A Midsummer Night's Dream By William Shakespeare About A Midsummer Night's Dream

Introduction

A Midsummer Night's Dream was written in a highly creative period in Shakespeare's career, when he was moving away from the shallow plots that characterized his earlier drama and discovering his more mature style. Most critics believe the play was written for and performed at an aristocratic wedding, with Queen Elizabeth I in attendance. Scholars estimate the play was written in 1595 or 1596 (when Shakespeare was 31 or 32 years old), at approximately the same time as Romeo and Juliet and Richard II. Obvious plot links exist between A Midsummer Night's Dream and Romeo and Juliet, and critics disagree about which play was written first. Not only do both dramas emphasize the conflict between love and social convention, but the plot of "Pyramus and Thisbe," the play-within-the-play of A Midsummer Night's Dream, parallels that of Romeo and Juliet. Critics have wondered if Romeo and Juliet is a serious reinterpretation of the other play, or just the opposite: Perhaps Shakespeare is mocking his tragic love story through the burlesque of "Pyramus and Thisbe."

Sources and Allusions

Unlike most of Shakespeare's dramas, A Midsummer Night's Dream does not have a single written source. The story of "Pyramus and Thisbe" was originally presented in Ovid's The Metamorphosis, making it one of many classical and folkloric allusions in the play. Other allusions include Theseus and Hippolyta's wedding, which is described in Chaucer's "Knight's Tale" in The Canterbury Tales, while the theme of a daughter who wants to marry the man of her choice despite her father's opposition was common in Roman comedy. The fairies that dance and frolic throughout this play were most likely derived from English folk tradition. On the one hand, these creatures have a sinister side — Puck, for example, is also known as Robin Goodfellow, a common name for the devil — but they can also be viewed as fun-loving nature spirits, aligned with a benevolent Mother Nature. The interaction of this eclectic array of characters — from the classically Greek royalty such as Theseus (derived from Plutarch's tale of "Theseus" in his Lives of the Noble Grecians and Romans) to more traditionally Celtic fairies such as Puck — emphasizes Shakespeare's facility in using elements of the old to create something completely new.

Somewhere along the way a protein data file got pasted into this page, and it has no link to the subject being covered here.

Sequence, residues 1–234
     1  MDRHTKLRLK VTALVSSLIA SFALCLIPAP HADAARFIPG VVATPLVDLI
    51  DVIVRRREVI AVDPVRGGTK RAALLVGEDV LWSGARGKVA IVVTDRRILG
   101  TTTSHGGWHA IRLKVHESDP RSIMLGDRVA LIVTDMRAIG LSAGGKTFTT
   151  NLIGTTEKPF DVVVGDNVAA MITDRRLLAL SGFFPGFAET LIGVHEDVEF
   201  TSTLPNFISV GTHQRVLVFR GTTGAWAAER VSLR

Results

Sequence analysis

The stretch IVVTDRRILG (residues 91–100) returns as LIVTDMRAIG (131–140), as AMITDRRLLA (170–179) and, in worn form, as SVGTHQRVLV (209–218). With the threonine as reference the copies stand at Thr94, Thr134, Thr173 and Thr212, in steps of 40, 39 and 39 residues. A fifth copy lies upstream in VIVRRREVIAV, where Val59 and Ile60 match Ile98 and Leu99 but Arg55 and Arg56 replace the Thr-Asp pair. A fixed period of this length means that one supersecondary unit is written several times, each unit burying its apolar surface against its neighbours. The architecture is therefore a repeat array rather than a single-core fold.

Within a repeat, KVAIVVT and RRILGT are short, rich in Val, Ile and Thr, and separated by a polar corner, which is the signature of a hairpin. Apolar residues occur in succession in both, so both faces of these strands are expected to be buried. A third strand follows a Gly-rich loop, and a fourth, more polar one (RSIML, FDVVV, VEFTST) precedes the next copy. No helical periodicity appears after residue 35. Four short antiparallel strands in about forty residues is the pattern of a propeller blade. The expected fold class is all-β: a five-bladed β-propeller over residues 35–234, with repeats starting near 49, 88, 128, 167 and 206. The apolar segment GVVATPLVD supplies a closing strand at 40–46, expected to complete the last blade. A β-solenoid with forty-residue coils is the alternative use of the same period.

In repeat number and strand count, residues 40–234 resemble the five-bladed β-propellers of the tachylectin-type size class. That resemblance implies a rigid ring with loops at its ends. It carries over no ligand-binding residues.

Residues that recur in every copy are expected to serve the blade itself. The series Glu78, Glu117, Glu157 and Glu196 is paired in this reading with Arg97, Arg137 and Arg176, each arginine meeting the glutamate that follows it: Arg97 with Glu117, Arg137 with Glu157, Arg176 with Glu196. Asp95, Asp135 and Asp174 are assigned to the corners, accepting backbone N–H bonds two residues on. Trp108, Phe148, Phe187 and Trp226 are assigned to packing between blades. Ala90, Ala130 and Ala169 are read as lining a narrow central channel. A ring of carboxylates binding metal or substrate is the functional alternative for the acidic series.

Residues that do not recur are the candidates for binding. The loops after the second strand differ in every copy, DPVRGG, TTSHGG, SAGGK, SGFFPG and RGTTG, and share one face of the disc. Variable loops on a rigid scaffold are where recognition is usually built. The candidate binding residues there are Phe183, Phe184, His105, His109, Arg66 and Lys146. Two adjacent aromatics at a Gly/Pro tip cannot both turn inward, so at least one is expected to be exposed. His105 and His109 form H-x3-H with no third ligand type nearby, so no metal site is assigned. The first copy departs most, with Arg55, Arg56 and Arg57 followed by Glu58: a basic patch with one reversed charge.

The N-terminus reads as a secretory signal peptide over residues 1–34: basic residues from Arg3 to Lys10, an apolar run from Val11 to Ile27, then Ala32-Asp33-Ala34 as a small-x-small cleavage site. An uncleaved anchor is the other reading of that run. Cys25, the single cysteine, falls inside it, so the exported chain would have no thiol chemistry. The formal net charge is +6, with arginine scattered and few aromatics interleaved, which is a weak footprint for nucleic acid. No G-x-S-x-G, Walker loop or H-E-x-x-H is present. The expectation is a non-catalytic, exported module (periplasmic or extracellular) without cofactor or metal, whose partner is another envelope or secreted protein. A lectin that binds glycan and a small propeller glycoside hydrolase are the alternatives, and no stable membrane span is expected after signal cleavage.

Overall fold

Performance History

The first Quarto edition of the play, printed in 1600, announces that it was "sundry times publickely acted, by the Right honourable, the Lord Chamberlaine his seruants." Indeed, this drama has seen "sundry" performances over the past 400 years. Its spectacle and its emphasis on dance and magic and song have led it to be interpreted and performed in a variety of ways. For example, numerous composers have been inspired by Shakespeare's Dream. In 1692, Purcell wrote an operatic version, The Fairy Queen, although it contains little of Shakespeare's original story line. In 1826, Mendelsohn composed an overture to A Midsummer Night's Dream, which is still popular. The play has also seen many famous, and often infamous, interpretations. For example, the 1900 Beerbohm Tree production had live rabbits hopping around the stage, while Peter Brook's 1970 production was presented on a bare stage that looked like a big white box. Most modern productions of the play, including the 1999 film, emphasize its erotic, savage undertones.

Structure of the Play

Showing his usual dexterity in creating coherent dramatic frameworks, Shakespeare here interweaves four separate plots and four groups of characters. Theseus, the Duke of Athens, and Hippolyta, the Queen of the Amazons and Theseus' fiancée, are the first characters introduced. Theseus is a voice of law and reason in the play, as shown by Egeus' entrance into the drama: Egeus needs Theseus to adjudicate a dispute he is having with his daughter, Hermia. The second plot features Hermia and her three friends, Helena, Demetrius, and Lysander. These young lovers stand on the boundaries of the law; like many adolescents, Lysander and Hermia rebel against authority, in this case, by refusing to accept Theseus' laws and, instead, planning to escape from Athenian tyranny. Although the lovers have one foot in the conventional world of Athens, the play forces them to confront their own irrational and erotic sides as they move temporarily into the forest outside of Athens. By the end of the play, though, they return to the safety of Athens, perhaps still remembering some of the poetry and chaos of their night in the forest. This irrational, magical world is the realm of the play's third group of characters: the fairies. Ruled by Titania and Oberon, the enchanted inhabitants of the forest celebrate the erotic, the poetic, and the beautiful. While this world provides an enticing sojourn for the lovers, it is also dangerous. All of the traditional boundaries break down when the lovers are lost in the woods. Finally, the adventures of Quince, Bottom, and the other amateur actors compose the play's fourth plot layer.